Protector to launch local office

2016-12-08 06:01
Thabisa Ngada, the provincial manager at the Commission for Gender Equality, Sune Griessel, from the Public Protector’s office, Public protector Busisiwe Mkhwebane, Advocate Kevin Malunga, the Deputy Public Protector, Nashville Britz, of the Familily Advocate and Kuhle Tyelo, of FAMSA, at Luhlaza High School PHOTOS: Mbongiseni Maseko

Thabisa Ngada, the provincial manager at the Commission for Gender Equality, Sune Griessel, from the Public Protector’s office, Public protector Busisiwe Mkhwebane, Advocate Kevin Malunga, the Deputy Public Protector, Nashville Britz, of the Familily Advocate and Kuhle Tyelo, of FAMSA, at Luhlaza High School PHOTOS: Mbongiseni Maseko

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Public Protecter Advocate Busisiwe Mkhwebane was in Khayelitsha on Thursday where she announced that her office is planning to make her services easily accessible to the public by opening branches in the areas.

She was speaking at Luhlaza High School during the launch of the 16 Days of Activism for No Violence against Women and Children.

She opened the floor for residents to speak out on the challenges they faced in the area regarding poor service delivery from government.

She said she planned to have offices in police stations, Magistrate’s Courts or any other government centre, so that residents from disadvantaged areas will not have to travel to town when they needed services.

Mkhwebana said that will also help those who are lodging complaints to do so in their own languages to ensure the message is not lost in translation.

“I have a vision of taking our services closer to the doorstep of residents. Our services should be available at grassroots level. Gender violence is a big problem in our country. Statistics show us that sexual offences are in decline, but gender based violence is not declining,” Mkhwebana said.

She also lambasted residents who resort to burning or damaging infrastructure during protests.

The event was also attended by Commission for Gender Equality, Family and Marriage Society of South Africa (Famsa), Family Advocate, SAPS officials, representatives from Independent Police Investigative Directorate (Ipid) and residents.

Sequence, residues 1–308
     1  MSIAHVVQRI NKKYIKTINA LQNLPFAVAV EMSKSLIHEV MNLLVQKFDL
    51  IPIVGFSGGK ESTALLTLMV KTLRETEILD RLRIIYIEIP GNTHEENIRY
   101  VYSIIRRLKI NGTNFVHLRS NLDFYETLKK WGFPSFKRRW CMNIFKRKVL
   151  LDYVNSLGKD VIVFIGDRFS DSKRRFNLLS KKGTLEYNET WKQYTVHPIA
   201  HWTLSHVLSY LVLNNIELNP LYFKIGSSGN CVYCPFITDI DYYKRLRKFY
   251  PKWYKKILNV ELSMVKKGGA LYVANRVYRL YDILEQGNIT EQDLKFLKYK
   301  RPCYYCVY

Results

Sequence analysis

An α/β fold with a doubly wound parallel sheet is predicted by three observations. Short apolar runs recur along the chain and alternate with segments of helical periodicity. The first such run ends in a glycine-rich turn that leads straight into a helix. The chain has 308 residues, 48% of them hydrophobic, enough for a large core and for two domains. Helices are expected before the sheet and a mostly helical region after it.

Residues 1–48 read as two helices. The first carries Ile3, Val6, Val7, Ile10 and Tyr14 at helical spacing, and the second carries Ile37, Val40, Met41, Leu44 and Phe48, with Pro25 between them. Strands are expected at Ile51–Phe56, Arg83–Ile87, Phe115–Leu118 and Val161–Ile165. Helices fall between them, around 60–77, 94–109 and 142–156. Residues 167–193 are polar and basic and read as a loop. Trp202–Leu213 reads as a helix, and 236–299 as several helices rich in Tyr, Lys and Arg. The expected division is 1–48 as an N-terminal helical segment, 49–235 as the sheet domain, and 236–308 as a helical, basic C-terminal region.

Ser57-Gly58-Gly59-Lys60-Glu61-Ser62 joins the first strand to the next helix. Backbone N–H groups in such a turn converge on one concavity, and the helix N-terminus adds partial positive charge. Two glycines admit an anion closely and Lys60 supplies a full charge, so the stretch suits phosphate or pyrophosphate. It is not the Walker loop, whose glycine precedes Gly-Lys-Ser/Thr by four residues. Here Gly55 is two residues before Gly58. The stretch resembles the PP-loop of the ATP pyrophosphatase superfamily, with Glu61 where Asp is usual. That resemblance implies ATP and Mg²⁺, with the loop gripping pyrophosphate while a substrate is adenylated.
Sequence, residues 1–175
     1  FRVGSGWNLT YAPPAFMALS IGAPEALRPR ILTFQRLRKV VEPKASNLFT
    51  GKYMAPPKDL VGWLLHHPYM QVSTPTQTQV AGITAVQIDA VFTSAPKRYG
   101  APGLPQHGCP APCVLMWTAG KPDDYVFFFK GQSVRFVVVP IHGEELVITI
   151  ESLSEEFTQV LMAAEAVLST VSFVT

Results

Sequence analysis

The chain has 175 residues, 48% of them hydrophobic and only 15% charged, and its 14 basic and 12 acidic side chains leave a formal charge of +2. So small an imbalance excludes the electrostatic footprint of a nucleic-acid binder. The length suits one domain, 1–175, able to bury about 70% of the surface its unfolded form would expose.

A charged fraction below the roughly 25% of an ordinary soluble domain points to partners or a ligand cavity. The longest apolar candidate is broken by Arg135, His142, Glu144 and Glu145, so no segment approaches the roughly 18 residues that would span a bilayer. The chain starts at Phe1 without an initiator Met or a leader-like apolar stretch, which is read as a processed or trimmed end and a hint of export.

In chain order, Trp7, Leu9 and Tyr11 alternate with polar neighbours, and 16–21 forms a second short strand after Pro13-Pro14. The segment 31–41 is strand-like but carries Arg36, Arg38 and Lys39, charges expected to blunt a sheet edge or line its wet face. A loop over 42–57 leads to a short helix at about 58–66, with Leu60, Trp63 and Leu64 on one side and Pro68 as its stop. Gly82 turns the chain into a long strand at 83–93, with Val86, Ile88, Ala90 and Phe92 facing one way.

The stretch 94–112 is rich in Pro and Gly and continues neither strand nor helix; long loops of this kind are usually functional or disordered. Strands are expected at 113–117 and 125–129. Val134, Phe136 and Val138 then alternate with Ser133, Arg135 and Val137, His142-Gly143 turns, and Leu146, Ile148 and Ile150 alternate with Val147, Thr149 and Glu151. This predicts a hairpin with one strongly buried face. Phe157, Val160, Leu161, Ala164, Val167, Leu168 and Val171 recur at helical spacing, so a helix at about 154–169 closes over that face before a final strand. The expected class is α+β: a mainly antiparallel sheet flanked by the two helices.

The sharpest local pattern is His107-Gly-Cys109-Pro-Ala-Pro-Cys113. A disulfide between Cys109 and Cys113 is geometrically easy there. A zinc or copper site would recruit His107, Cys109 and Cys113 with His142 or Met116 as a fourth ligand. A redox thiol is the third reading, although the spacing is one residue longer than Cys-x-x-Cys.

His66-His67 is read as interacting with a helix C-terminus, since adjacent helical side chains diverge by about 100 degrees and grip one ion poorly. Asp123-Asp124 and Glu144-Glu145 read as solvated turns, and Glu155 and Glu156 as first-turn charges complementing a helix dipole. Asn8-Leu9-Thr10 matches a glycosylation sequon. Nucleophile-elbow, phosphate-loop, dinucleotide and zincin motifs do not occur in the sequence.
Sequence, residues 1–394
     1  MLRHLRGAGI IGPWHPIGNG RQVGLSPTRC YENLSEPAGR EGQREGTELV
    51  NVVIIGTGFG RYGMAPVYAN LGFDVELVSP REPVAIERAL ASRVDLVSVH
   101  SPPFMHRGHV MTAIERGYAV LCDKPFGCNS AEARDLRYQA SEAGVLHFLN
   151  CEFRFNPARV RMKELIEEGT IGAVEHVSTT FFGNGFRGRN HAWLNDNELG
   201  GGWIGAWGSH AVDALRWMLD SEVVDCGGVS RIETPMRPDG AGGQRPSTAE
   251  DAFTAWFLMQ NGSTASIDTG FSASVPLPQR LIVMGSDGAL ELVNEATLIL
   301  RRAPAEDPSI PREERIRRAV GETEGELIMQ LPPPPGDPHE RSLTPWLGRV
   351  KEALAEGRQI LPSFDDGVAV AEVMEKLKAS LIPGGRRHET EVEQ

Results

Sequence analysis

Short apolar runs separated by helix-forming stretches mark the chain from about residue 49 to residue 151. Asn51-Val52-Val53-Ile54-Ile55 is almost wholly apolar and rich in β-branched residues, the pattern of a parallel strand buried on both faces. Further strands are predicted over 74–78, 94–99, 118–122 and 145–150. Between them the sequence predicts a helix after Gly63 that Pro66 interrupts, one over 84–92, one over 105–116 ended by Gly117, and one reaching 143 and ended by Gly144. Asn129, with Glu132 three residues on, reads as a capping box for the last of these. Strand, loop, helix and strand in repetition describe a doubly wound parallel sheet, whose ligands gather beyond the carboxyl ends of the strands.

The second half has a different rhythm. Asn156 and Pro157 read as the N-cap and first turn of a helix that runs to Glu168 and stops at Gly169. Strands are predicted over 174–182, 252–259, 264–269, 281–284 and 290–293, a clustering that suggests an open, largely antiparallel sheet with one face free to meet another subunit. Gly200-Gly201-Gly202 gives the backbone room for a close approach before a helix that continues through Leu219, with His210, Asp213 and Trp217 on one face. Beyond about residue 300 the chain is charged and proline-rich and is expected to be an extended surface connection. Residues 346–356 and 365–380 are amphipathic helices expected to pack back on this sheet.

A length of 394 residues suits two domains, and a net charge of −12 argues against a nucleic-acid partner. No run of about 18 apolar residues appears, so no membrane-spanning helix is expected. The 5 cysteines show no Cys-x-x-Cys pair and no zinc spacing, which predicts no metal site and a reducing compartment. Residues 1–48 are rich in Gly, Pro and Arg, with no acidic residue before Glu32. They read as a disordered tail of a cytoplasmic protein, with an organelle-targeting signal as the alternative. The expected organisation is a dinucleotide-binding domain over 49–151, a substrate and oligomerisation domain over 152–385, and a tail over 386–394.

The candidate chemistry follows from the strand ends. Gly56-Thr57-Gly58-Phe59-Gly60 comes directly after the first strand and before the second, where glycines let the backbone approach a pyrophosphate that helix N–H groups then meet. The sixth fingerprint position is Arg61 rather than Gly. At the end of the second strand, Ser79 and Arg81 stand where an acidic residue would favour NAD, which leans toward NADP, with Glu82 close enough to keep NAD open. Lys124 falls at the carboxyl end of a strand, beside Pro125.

Kuhle Tyelo, of Famsa, said they are concerned that most cases that they deal with between couples are “always violent.”

“Do not stay in a relationship that is abusive physically or emotionally, because that badly affects your children.

Children who grow up in a violent environment grow up thinking it is a (correct) way of doing things.

Families play a big part in the betterment of the society and are considered a backbone of the community,” Tyelo said.

Advocate Nashville Britz, of Family Advocate, encouraged residents to refrain from participating in violent activities.

“Violence should not be seen as a solution to any problem that we have.

Abuse of women and children is always a disgrace in the country.

We realised that women and children are mostly victims of abuse, but there are also men who are also abused, but very few of them report it.

Being unemployed, impoverished or anything that you are going through cannot be the reason to abuse our partners and children.

Abusing women and children does not make you a man, but speaking out against it does,” Britz said.

Residents used the presence of Mkhwebana to raise their dissatisfaction about poor services they experienced in public offices.

Alicia Mhlekaza, 40, a resident, said she is being sent from pillar to post by police officials in clearing a case of being found in possession of drugs which she knows nothing about.

Mhlekaza was charged for fraud after it was discovered that she was receiving social grant for her son in 2011 while she was employed, but the case was later withdrawn by Cape Town High Court after she paid back the some of R4600,00.

Her ruse was discovered after she had applied for a promotion as a supervisor at her cleaning job at Tygerberg Hospital.

“I was surprised to discover later that there was also a case against me for being found in position of drugs, in 2011. I approached the police and they promised to clear my name, but up to now, they have not done so.

That has an adverse effect on my life, because I am stuck with a criminal record I know nothing about,” Mhlekaza said.

Mkhwebana promised to help Mhlekaza and other residents on their concerns.

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